On Eagles Wings Encourages Believers to Remember “Forgotten People” this Thanksgiving

The Mount Pleasant Indian Industrial Boarding School circa 1910. (Public domain/Wikimedia Commons)

If you’re reading this in the U.S., you probably have big plans tonight for Thanksgiving dinner. Thanksgiving Day is an annual national holiday in the United States, one “particularly rich in legend and symbolism.”

Thanksgiving Day commemorates a 1621 feast shared by early colonists and the Native Americans who helped them survive. Today, however, most people focus on family and fellowship instead of the holiday’s origin.

“This country’s original people are, as Billy Graham said in 1975, its ‘forgotten people’,” Brad Hutchcraft says. Hutchcraft serves with On Eagles Wings, a division of Ron Hutchcraft Ministries.

“Now’s a great time, even as you’re sitting around the Thanksgiving table diving into the turkey, to remember that Native American brothers and sisters brought hope to us in the first place, and we can help them bring hope to their people.”

The past may be painful…

Even though it’s largely commercialized, a holiday like Thanksgiving can stir painful reminders for the Native community. “We have been able to sit down to a great Thanksgiving feast with some of our Native brothers and sisters and have a great time. They celebrate the day, but there is a lot around it that still can bring hurt,” Hutchcraft says.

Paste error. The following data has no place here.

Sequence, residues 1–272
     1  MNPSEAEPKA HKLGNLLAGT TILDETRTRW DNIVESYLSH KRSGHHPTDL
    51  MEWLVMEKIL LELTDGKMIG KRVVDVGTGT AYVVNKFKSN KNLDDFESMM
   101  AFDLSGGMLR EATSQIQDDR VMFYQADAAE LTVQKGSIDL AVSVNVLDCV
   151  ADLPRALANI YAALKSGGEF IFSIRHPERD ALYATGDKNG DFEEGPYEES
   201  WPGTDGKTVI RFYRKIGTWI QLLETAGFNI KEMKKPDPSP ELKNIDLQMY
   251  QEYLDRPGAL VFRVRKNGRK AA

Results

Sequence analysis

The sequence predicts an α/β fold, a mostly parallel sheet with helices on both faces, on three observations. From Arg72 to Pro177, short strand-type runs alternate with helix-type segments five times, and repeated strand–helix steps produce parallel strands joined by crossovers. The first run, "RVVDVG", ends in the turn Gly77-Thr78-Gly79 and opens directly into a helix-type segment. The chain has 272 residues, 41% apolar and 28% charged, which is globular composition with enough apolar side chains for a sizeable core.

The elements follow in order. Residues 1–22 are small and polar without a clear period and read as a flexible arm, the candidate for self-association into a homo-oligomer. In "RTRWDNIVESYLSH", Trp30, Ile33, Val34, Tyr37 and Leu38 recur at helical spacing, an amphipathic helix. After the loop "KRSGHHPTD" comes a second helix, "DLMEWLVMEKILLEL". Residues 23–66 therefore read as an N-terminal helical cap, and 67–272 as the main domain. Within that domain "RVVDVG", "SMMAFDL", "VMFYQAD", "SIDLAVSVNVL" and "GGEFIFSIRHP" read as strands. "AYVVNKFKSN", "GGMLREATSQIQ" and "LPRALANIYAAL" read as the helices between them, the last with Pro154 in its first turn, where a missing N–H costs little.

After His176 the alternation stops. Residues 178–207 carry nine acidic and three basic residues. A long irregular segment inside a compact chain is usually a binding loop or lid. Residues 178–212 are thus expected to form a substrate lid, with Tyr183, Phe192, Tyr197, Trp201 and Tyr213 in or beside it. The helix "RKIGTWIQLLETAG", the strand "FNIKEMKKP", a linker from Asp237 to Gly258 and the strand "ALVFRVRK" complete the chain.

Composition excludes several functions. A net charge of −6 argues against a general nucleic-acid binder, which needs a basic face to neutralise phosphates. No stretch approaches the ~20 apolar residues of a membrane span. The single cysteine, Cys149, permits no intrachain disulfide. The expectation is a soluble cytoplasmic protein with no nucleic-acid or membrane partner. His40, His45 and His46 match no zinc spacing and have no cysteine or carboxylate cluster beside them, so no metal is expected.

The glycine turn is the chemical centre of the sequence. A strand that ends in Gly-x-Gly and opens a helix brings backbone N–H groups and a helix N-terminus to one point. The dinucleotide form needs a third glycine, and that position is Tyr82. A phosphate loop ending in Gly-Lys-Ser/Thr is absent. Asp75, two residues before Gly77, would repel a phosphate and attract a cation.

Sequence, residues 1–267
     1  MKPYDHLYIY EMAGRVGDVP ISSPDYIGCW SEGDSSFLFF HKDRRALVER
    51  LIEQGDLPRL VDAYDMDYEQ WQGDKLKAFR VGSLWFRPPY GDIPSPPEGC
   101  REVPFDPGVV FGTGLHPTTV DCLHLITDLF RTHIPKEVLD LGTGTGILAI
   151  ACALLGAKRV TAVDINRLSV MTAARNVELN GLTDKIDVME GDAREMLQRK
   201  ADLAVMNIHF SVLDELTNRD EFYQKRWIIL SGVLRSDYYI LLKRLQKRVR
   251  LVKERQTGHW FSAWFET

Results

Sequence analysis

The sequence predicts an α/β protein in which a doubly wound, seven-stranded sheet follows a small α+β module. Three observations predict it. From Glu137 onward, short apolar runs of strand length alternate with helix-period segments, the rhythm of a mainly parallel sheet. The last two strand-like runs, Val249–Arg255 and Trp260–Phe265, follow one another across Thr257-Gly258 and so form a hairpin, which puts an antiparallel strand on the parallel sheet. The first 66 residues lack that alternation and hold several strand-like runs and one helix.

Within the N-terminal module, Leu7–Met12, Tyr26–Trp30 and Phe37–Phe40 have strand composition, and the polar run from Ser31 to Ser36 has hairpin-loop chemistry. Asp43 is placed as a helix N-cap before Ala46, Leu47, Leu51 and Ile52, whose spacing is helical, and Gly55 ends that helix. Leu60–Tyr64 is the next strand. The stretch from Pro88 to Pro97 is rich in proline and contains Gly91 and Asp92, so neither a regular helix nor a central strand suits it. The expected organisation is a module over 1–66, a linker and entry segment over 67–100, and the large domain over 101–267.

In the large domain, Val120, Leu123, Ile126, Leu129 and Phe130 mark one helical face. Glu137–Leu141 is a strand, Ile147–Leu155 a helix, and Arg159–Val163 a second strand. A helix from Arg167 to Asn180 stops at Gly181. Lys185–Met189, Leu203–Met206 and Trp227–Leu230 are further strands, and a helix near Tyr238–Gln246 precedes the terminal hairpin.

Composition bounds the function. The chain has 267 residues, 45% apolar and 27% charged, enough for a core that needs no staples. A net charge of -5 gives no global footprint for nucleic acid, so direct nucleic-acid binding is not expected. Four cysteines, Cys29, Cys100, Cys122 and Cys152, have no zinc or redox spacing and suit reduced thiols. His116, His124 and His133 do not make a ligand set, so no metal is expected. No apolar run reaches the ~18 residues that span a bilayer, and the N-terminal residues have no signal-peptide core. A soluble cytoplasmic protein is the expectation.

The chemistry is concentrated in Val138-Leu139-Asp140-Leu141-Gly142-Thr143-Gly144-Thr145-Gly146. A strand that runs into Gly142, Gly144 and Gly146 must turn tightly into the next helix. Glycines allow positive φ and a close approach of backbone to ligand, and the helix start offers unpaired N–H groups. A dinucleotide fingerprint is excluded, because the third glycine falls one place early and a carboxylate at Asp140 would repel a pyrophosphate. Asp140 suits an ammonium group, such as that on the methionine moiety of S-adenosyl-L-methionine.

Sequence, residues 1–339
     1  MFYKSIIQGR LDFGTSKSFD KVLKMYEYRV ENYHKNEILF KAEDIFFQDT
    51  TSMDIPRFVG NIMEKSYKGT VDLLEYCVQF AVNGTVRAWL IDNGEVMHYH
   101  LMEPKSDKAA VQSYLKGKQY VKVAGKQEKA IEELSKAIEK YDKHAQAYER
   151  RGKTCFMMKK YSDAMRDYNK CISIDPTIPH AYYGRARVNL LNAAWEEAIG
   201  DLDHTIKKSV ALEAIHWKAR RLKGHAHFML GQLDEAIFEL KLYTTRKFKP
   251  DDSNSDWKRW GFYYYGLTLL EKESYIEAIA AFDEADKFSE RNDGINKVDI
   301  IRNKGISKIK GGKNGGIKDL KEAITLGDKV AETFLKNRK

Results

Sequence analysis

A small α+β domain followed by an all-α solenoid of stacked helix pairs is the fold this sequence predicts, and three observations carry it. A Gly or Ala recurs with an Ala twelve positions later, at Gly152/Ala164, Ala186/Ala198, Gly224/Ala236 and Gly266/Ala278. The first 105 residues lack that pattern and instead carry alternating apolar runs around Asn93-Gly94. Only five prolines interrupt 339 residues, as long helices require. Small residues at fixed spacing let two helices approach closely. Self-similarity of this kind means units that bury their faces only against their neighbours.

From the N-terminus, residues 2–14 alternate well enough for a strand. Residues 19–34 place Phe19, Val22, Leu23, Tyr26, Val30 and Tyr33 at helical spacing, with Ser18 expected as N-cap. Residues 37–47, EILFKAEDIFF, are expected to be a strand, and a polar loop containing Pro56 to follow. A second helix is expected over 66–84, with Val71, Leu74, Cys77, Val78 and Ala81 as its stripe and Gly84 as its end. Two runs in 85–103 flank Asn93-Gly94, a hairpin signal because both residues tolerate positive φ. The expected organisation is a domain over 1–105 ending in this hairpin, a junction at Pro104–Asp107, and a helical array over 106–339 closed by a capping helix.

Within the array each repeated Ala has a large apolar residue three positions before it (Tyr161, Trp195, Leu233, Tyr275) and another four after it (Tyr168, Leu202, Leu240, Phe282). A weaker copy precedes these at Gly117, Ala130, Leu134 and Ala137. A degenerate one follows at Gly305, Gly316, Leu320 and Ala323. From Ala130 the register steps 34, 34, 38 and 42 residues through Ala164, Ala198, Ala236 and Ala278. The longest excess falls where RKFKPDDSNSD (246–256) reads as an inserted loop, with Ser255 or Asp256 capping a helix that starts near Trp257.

“People like to think it was a long time ago, but some of this is very recent. Native children were shipped across the country to boarding schools to essentially make them white, and a lot of bad things happened in those boarding schools.”

According to the National Native American Boarding School Healing Coalition, over 350 government-funded, and often church-run, Indian Boarding schools operated across the U.S. in the 19th and 20th centuries:

Between 1869 and the 1960s, it’s likely that hundreds of thousands of Native American children were removed from their homes and families and placed in boarding schools operated by the federal government and the churches. Though we don’t know how many children were taken in total, by 1900 there were 20,000 children in Indian boarding schools, and by 1925 that number had more than tripled.

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SOURCE: Mission Network News, Katey Hearth


  • Pray U.S. Christians and churches may be culturally aware and sensitive to historic pains.
  • Pray believers find opportunities to share about the hope and healing Christ offers.